At the heart of any city’s long-term plans to overcome environmental and social ills is education. It can safeguard investment in resilience efforts and ensure that future generations don’t make the mistakes of their predecessors. Through its interactive Water Museum, Medellín has sought to do just that, with a message of preservation that it will soon be taking to the city’s most impoverished outskirts and beyond.
Established in March 2012, El Museo del Agua is a $6 million project that takes visitors along a narrative journey about the science behind the water cycle and man’s historical interaction with it. Delivered through an array of visual, audio and tactile presentations, the museum highlights how technology over the centuries has developed to harness the water supply, how man’s activities are placing it in peril and the role of water as a renewable energy source.
While the museum ostensibly looks at such themes on a global scale, it also dedicates a significant section to exploring the distinct ecosystems that make up Colombia. At the center of it all is a message of environmental preservation and protection designed to give visitors a sense of ownership and responsibility that will affect how they use water in Medellín.
“Many boys and girls, as well as adults, when asked where the water comes from, say, ‘the tap,’” says María Pilar Restrepo, executive director of Empresas Públicas de Medellín (Public Companies of Medellín – EPM), the utility company that runs the museum. “So the museum raises awareness that water comes from the watershed… and we have to protect all the streams and the whole course of the river.”
Decked out with touch screens, holograms, interactive electronic books, dynamic activities and real-life objects – often as part of life-sized displays – the museum is clearly aimed at children and younger learners and has been developed with the input of local teachers in order to be relevant to the curriculum such visitors encounter at school.
“Sometimes with museums, schools have certain expectations and the museum itself has different expectations, so there’s a need to find strategies to involve teachers in the development of the museum,” says Andrés Ceballos, the museum’s education coordinator, explaining how a Red de Maestros (Teachers’ Network) was established at the end of 2013 to facilitate interaction between the museum and local education professionals. “If the teachers are involved in the museum, there’s not so much difference in those expectations.”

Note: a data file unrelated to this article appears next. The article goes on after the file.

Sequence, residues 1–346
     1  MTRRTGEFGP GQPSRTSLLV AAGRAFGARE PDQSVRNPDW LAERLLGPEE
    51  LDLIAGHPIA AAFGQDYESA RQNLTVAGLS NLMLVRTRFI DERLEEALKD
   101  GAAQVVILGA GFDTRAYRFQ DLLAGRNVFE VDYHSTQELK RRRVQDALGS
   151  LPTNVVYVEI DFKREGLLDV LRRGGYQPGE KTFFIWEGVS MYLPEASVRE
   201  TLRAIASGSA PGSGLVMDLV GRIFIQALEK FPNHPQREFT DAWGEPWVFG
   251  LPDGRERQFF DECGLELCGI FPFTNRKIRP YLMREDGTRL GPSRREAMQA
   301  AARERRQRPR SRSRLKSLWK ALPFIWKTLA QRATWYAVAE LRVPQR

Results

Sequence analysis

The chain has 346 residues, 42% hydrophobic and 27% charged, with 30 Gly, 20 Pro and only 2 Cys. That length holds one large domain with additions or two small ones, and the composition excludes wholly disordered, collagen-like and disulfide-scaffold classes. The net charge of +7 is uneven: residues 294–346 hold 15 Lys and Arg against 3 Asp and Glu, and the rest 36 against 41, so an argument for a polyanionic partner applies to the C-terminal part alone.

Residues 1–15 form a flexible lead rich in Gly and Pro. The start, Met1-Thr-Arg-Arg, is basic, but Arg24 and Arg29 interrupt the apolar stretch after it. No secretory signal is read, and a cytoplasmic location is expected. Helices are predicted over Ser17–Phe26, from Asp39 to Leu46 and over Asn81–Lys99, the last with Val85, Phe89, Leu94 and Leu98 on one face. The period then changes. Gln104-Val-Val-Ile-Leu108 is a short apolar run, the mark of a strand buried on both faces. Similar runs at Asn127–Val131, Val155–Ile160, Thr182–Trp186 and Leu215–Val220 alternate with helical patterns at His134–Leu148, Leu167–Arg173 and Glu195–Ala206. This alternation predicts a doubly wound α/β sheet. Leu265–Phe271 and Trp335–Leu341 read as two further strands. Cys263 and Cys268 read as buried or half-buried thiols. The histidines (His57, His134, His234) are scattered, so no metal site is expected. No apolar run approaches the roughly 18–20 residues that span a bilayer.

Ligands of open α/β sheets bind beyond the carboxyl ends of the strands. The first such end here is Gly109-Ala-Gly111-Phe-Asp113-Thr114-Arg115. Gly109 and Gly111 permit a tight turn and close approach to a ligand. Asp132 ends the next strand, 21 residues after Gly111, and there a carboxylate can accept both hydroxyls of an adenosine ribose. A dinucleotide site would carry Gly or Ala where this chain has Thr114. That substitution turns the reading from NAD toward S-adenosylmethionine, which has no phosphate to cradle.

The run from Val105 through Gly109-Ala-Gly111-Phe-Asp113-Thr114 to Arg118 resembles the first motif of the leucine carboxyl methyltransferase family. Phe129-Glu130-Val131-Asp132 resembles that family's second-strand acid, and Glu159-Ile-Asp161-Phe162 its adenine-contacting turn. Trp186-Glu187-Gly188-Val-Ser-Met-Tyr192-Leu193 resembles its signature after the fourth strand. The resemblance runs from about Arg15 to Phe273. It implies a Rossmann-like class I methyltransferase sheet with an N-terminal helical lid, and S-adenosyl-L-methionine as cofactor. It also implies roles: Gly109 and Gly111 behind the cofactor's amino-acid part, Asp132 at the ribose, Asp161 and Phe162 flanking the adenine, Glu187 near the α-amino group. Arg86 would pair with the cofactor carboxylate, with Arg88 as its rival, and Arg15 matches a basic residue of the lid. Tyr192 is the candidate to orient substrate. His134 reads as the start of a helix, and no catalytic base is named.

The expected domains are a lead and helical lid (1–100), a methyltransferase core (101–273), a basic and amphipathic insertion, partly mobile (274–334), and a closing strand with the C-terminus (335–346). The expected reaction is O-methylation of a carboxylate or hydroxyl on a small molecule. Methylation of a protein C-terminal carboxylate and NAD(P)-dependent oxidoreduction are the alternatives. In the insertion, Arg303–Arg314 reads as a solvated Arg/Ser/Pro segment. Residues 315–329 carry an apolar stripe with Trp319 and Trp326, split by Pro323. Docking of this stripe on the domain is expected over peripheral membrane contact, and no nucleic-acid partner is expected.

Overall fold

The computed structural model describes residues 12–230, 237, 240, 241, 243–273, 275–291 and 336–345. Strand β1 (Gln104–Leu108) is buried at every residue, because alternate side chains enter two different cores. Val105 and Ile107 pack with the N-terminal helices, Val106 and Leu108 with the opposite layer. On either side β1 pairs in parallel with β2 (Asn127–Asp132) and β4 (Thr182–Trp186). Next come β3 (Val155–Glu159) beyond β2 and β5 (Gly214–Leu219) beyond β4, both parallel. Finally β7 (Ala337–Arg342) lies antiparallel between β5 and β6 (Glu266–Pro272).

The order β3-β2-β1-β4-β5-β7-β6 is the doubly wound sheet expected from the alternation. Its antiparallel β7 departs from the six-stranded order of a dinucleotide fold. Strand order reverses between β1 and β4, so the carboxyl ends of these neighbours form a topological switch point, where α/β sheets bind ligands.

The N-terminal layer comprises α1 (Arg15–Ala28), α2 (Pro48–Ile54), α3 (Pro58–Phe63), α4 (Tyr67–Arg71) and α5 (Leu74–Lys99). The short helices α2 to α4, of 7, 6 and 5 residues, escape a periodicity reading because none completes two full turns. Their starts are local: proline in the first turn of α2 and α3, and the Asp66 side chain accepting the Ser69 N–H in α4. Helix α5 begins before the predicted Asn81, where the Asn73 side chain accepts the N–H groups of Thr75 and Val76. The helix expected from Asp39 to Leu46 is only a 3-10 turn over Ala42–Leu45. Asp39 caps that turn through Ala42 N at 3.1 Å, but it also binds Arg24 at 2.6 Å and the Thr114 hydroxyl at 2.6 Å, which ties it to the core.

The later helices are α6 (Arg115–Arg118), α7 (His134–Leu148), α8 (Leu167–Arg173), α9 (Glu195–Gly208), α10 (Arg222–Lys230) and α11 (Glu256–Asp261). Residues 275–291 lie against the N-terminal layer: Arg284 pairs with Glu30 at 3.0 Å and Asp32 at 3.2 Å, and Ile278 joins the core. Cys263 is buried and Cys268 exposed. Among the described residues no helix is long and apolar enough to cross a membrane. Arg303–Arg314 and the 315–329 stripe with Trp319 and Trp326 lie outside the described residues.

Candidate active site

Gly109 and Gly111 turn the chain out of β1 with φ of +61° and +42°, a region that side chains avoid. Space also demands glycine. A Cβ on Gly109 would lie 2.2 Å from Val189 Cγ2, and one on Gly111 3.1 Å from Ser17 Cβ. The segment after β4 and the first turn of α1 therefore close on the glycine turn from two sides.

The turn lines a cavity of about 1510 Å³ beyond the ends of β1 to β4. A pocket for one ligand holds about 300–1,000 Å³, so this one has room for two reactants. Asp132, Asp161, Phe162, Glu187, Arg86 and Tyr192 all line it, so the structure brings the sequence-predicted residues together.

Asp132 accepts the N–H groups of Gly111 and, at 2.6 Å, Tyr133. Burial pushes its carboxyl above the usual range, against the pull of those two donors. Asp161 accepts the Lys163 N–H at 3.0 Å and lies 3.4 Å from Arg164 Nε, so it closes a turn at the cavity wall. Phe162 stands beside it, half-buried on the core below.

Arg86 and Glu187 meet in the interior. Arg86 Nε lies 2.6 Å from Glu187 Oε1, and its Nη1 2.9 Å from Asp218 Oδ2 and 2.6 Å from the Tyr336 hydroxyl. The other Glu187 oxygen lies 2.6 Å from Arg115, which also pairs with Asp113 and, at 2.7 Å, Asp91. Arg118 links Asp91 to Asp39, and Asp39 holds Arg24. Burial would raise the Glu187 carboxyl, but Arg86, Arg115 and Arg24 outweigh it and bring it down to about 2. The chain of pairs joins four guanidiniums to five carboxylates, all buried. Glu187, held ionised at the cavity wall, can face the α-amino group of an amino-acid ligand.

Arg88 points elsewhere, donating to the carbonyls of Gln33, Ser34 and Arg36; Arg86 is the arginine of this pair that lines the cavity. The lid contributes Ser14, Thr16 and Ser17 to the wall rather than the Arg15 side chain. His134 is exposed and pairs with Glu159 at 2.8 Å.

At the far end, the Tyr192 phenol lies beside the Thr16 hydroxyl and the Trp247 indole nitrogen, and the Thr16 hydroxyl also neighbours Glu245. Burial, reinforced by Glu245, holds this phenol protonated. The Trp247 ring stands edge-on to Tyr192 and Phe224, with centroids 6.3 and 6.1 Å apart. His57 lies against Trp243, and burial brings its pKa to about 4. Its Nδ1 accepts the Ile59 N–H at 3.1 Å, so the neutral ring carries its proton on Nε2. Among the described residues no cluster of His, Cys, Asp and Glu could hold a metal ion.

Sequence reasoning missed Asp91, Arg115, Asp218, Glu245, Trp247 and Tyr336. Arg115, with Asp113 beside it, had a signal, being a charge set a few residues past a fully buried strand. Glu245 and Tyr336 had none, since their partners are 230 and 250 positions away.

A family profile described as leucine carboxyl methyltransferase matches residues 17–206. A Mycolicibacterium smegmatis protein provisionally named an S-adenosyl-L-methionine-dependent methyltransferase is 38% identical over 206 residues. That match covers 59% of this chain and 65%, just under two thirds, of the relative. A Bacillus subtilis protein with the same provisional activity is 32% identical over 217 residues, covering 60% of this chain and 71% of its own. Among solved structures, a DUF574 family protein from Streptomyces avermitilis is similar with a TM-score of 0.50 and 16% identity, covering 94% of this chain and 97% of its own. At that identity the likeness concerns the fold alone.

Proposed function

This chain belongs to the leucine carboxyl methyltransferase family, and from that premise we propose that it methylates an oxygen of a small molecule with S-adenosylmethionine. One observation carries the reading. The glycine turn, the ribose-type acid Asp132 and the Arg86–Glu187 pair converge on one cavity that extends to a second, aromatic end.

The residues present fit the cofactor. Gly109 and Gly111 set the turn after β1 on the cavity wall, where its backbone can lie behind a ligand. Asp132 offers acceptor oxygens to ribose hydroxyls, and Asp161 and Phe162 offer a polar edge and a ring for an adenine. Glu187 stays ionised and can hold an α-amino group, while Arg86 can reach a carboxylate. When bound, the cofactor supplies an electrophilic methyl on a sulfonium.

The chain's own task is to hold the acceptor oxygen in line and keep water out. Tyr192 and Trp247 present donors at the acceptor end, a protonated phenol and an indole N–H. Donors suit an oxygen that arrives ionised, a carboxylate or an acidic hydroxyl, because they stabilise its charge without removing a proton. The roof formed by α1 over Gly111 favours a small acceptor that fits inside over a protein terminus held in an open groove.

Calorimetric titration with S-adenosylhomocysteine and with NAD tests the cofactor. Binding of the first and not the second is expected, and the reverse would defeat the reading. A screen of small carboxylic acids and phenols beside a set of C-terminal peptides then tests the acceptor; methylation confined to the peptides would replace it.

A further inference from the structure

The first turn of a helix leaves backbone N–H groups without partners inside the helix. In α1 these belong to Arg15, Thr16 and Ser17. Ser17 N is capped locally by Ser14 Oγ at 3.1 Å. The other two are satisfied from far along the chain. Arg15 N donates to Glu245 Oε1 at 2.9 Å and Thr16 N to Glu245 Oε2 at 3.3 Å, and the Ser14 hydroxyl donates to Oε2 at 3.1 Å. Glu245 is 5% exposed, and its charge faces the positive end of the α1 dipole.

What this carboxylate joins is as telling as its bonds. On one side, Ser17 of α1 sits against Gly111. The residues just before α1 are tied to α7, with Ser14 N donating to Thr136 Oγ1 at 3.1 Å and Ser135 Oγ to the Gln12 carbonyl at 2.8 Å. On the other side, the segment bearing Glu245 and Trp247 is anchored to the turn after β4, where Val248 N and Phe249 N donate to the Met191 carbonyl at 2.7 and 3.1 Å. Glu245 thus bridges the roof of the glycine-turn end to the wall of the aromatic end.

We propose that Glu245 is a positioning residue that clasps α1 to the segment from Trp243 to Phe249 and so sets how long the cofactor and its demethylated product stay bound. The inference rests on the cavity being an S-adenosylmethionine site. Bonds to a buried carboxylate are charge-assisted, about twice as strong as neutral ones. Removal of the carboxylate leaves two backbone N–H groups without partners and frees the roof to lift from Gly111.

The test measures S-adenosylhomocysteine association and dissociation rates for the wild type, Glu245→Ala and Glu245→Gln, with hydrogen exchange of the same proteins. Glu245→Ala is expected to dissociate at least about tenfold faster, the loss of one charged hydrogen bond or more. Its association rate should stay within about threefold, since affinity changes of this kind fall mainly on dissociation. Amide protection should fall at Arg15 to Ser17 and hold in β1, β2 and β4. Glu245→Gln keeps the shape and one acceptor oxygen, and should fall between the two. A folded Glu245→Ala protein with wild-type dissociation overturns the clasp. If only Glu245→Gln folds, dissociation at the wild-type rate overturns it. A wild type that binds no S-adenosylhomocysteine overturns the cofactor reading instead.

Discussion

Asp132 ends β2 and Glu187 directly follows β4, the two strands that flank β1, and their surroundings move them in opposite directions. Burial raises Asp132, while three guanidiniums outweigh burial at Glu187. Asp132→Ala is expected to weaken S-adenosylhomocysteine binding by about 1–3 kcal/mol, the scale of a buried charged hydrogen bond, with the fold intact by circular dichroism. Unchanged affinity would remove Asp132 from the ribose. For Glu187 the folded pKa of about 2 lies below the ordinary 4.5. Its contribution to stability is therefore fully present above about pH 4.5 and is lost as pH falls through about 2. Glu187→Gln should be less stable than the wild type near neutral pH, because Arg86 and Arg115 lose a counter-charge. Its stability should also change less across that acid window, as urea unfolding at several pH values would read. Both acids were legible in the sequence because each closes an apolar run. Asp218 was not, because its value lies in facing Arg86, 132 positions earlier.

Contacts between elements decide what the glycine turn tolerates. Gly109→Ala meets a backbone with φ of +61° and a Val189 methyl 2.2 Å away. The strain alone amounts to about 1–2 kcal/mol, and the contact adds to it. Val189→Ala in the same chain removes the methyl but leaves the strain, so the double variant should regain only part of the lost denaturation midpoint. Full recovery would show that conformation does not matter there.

The museum also emphasizes inclusivity, offering free entry to poorer residents. In Colombia neighborhoods are designated by “stratum,” largely based on the affluence of the area, with public services and utilities charged at different rates accordingly. Medellín has six stratums, with the sixth representing the most affluent, and the Water Museum offers free entry to anyone living in the first three stratums who can show a recently paid utility bill.
“We provide this subsidy through an agreement with the Medellín Mayor’s Office to allow this sector of our community, which has less access to resources, to enjoy the benefits of the facility,” explains María Pilar Restrepo.
According to Jorge Ángel, EPM’s Director of Environment and Public Services, approximately 80 percent of the museum’s more than 170,000 visitors to date have entered for free as part of the subsidy scheme, suggesting it has been a highly effective method for promoting access to less affluent citizens.
“The entrance fee to the museum is extremely reasonable, at 6,000 pesos ($3.10)” says Ángel. “But 6,000 pesos for a person with scarce resources is a lot.”
As well as guaranteeing access to all of the city’s residents, there are also plans in motion to take the ideas being promoted to the most impoverished outlying districts of the city – where transport problems and inaccessibility often leave residents cut off from the downtown area – through a mobile museum in a bus.
Set to go into service in July 2014, the bus will take selected displays and activities from the museum up into those communities, offering free access to residents and children who might otherwise have no other opportunity to engage. The bus will also service the city’s surrounding municipalities and satellite cities, and there are plans to expand it further around the department of Antioquia – of which Medellín is the capital – and throughout the region.
Such a scheme is being planned alongside a variety of other community- and school-based programs, so that the global need to protect and preserve water is firmly rooted in the community.
“We are promoting the idea that water is not just a small local problem, it is indispensable,” says Jorge Ángel. “So what we do to the river affects the water not just here; it affects the ocean, it affects the atmosphere.”
It’s a message which will soon be heard by many more in and around Medellín.
Photos by Charles Parkinson